The number and percentage of patients treated at emergency departments for hypertension are on the rise across the United States, according to a Vanderbilt University Medical Center study published recently in the American Journal of Cardiology.
"We found that around 25 percent of all emergency department visits involved patients with hypertension, and that the rate of hypertension-related visits has gone up more than 20 percent since 2006," said Candace McNaughton, M.D., MPH, assistant professor of Emergency Medicine, one of the researchers.
Uncontrolled hypertension is a major treatable risk factor for the development of cardiovascular disease and a significant cause of death in the United States.
Many people do not know they have hypertension or that their hypertension is uncontrolled because high blood pressure does not usually cause symptoms.
"The study highlights how common hypertension is, and that it's becoming an even bigger problem affecting a large number of patients who seek care in the emergency department," McNaughton said.
According to the authors, the increase may be related to the increasing prevalence of hypertension in the general population and greater public and clinician awareness of the disease.
In addition, the number of patients visiting emergency departments primarily to be treated for hypertension is on the rise -- about 6.4 million emergency department visits were identified involving patients seeking care for hypertension-related issues.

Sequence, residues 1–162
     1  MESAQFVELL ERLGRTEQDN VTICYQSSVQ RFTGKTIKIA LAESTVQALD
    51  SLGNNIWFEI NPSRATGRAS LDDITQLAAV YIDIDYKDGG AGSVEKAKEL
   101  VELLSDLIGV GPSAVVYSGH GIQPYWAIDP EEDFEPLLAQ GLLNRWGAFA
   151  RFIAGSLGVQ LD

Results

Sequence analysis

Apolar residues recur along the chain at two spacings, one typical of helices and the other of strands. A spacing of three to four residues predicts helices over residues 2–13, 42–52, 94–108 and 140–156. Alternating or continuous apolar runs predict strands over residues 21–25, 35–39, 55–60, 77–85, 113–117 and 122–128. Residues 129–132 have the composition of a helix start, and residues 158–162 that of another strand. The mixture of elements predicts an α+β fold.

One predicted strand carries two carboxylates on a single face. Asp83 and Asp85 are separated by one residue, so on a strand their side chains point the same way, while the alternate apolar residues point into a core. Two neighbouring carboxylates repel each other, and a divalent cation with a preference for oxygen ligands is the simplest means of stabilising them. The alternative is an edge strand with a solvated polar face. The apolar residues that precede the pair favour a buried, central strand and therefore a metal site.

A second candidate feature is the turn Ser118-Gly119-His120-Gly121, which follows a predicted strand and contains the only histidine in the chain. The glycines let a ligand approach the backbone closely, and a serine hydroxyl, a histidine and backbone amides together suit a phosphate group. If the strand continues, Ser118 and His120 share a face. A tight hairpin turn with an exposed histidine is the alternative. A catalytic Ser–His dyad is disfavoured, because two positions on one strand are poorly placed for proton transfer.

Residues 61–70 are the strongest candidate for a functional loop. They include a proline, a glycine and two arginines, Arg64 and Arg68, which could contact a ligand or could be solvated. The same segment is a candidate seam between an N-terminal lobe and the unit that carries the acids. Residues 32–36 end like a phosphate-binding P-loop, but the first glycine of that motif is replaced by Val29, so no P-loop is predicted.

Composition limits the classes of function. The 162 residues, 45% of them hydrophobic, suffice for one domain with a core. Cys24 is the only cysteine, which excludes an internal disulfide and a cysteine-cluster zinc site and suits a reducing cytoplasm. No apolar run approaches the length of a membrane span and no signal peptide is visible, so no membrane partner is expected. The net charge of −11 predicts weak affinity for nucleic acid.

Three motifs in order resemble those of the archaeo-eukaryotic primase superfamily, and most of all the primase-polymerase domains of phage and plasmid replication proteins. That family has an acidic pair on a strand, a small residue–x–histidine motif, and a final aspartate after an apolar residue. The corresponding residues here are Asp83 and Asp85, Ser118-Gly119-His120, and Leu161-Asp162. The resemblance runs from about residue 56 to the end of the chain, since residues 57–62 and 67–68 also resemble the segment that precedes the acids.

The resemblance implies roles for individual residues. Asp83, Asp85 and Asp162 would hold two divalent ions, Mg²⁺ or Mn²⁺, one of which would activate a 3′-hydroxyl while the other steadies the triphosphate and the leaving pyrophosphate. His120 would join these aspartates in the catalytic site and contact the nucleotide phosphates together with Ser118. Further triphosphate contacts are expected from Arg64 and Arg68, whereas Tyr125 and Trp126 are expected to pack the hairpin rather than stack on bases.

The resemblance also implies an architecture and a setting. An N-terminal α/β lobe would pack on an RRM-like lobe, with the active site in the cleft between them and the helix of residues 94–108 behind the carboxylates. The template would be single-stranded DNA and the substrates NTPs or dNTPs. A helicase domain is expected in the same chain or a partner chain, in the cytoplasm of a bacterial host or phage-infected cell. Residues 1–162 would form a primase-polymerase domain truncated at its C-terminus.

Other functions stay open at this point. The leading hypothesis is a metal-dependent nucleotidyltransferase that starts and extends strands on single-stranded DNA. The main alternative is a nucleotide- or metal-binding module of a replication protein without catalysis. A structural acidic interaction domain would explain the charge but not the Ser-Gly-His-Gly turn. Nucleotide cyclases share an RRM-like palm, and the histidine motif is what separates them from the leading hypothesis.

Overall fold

"Emergency department visits for patients with a primary diagnosis of hypertension were more likely among patients who were younger and less likely to have private health insurance," McNaughton said.
The researchers used information on emergency department visits from the Nationwide Emergency Department Sample, a database they have used previously to examine other illnesses, such as heart failure, atrial fibrillation and pneumonia.
The team was able to match the emergency department data with the U.S. Census database to measure the national rates of hypertension and other patient factors among emergency department patients.
These findings may serve to make health care providers more aware of hypertension-related issues, and it highlights the burden of hypertension among patients who seek emergency department care.
For the public, "It speaks to the greater overall importance of hypertension and that lifestyle factors such as taking medication as prescribed, quitting smoking, exercising and eating less salt are all really important," McNaughton said.
She added that more research is needed to identify the most effective and efficient ways for emergency departments to help serve patients with hypertension.
"The role of the emergency department in the management of chronic disease is still poorly understood, with hypertension as an opportunity to show how we can safely use the emergency department to manage patients with these conditions," McNaughton said.
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